Sue: Most important is to teach your kids, especially teens, what you post today, may come back to haunt you tomorrow! Keep your social networking sites clean. Stay out of chat rooms that are not monitored by someone you know (such as a school); predators are all over the Internet; you never know who is truly behind that screen name. I know many experts will say to keep the computer in a public area of your home; that is great advice, but I believe that in reality, the Internet is all over, whether they are at the library, on an iPhone or Blackberry, at a neighbor's home, or an Internet Cafe's. So your child needs to know about the dangers that lurk online whether they are at home or elsewhere. I also believe that they need to learn about not engaging in cyberbullying, sexting, or other harmful, hurtful acts online. If they are being attacked, they need to understand they have to tell an adult immediately. They should not engage in it or forward it on. Education is the key to safety online. Cybersafety should start at home and parents need to be part of it.
Ernest: You also took the issue of internet defamation to the Congress. What did you ask for in this regard and what became of it?
Sue: Unfortunately, legislation for Internet Defamation and Invasion of Privacy is dragging. As the Congresswoman said, she completely understands the issue, and worked diligently on the Protect our Children Act (HR 3845) Against Internet Sexual Predators in 2007. Sadly, I don't see much happening in the area of protecting adults and businesses that are being ruined by a few keystrokes and clicks of the mouse. With more cases being addressed in the headlines, such as Google having to disclose the name/IP address of a perpetrator is definitely a start. I do believe that eventually there will be laws in place, but for now, it can be costly to defend yourself.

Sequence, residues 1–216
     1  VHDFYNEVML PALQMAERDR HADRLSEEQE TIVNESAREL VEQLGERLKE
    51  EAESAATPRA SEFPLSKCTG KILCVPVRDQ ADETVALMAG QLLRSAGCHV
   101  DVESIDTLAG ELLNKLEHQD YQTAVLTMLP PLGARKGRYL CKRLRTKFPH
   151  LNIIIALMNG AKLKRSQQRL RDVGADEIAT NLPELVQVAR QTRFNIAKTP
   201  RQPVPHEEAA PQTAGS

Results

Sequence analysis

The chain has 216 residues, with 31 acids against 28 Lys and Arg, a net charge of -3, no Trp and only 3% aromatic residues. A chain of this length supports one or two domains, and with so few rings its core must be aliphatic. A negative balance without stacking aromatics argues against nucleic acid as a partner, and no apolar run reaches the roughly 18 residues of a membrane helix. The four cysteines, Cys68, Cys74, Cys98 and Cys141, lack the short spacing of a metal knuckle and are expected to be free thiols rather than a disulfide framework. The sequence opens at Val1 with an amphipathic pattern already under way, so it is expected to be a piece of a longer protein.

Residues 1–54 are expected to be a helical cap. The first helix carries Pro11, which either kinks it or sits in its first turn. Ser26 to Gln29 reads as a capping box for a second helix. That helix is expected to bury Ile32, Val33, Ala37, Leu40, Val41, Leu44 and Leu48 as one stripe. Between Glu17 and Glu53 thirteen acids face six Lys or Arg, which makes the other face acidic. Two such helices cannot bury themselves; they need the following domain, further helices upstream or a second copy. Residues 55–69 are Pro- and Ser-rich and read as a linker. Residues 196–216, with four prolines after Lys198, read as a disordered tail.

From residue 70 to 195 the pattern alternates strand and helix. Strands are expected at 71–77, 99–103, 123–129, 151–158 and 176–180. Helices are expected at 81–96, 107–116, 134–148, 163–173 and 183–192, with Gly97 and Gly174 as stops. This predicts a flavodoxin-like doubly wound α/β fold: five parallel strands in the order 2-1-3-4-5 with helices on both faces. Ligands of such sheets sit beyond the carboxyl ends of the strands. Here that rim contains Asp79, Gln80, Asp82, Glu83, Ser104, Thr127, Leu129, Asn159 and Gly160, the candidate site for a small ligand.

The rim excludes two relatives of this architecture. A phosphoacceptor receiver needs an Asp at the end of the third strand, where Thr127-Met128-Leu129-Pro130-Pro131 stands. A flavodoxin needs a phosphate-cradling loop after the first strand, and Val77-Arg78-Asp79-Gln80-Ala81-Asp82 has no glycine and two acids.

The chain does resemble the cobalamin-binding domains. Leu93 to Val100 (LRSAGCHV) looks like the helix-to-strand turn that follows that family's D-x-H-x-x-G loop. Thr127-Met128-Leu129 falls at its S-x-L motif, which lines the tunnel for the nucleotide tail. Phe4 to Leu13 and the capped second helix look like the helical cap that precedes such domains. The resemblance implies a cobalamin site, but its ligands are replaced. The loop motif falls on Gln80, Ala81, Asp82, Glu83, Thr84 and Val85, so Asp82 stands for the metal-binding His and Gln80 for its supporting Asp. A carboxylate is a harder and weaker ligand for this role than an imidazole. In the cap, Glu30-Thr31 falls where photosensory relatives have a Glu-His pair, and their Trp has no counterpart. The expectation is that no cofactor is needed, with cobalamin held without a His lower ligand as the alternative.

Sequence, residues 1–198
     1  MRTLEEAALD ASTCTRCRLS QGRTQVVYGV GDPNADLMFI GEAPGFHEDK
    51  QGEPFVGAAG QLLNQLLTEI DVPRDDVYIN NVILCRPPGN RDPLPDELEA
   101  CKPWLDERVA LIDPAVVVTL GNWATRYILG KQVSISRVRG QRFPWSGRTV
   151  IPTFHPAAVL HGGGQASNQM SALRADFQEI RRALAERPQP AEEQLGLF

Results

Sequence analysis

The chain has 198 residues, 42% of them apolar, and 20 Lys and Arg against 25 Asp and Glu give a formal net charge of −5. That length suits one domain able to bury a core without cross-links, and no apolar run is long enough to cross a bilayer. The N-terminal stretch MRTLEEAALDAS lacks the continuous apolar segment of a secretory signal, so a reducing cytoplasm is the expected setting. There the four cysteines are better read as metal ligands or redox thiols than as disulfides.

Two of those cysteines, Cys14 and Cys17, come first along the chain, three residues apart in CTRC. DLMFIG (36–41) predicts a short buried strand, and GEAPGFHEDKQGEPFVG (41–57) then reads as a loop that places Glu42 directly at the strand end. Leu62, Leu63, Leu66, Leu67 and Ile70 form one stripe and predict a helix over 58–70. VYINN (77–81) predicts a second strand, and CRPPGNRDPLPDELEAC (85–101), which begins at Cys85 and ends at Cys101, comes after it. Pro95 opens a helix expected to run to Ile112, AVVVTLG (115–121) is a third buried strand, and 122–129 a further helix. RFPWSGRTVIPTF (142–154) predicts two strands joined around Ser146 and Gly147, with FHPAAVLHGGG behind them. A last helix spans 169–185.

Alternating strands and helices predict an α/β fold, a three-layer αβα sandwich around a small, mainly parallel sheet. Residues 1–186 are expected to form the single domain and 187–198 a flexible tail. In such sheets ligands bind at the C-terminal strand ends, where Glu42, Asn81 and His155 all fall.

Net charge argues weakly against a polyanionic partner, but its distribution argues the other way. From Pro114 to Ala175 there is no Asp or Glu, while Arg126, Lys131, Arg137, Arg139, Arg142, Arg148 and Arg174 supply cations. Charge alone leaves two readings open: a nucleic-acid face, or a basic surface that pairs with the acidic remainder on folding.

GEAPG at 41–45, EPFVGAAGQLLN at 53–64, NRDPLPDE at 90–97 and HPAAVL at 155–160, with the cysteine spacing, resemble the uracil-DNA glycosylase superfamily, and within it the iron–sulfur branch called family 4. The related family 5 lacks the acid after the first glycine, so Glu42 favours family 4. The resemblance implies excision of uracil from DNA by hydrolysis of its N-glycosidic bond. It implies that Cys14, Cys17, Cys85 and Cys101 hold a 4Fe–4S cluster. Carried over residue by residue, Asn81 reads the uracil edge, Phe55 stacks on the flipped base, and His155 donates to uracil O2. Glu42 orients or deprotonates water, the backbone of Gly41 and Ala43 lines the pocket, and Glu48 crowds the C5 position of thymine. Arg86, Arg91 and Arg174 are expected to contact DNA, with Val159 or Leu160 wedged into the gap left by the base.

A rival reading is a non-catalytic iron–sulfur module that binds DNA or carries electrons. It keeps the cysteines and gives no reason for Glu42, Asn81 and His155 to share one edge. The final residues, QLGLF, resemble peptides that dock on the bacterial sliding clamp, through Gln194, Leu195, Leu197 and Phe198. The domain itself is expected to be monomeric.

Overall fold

Ernest: You know that Google is still the top ranked search engine with respect to online traffic. What advice would you offer the potential victims of Google bombing?
Sue: The most important piece of advice anyone should take, once they realize they are being attacked is “don't feed it or fuel it!” Never engage, never respond! Many people think that if they can explain their side, or counter their attacker, that the readers will see there are two sides to the story. What you are not realizing is that you are only feeding the attacker and he/she will always come back, and usually worse; as hard as it is for you not to defend yourself, don't. If it is on a public forum that has Terms of Service (TOS), review them; see if they are violating any of them; and kindly write a professional letter how the post has violated their TOS and ask for it to be removed. If they are threatening in nature, always be sure to print them out, and speak with law authorities about it. Hopefully you can file a police report. If it reaches a point that it is escalating and effecting your business or life, you may want to consult an attorney.
Ernest: Thank you very much Sue for your precious time. Any final thoughts you’d like to share with our readers?
Sue: I always tell people to learn from my mistakes, and I have made a lot of them. You need to be proactive in maintaining your virtual image, because if you don't, you never know who will. It can be time-consuming; however, it is worth it when you think of the consequences. If you can hire an online reputation management company, that can make it easier, but you can also do it yourself with a bit of time and energy. Remember there are a lot of free services out there that can help you get started. On page 206 in Google Bomb, you will see 10 steps you can use to get started.
More about Sue and her work can be found online at [url=http://www.suescheff.com/]http://www.suescheff.com.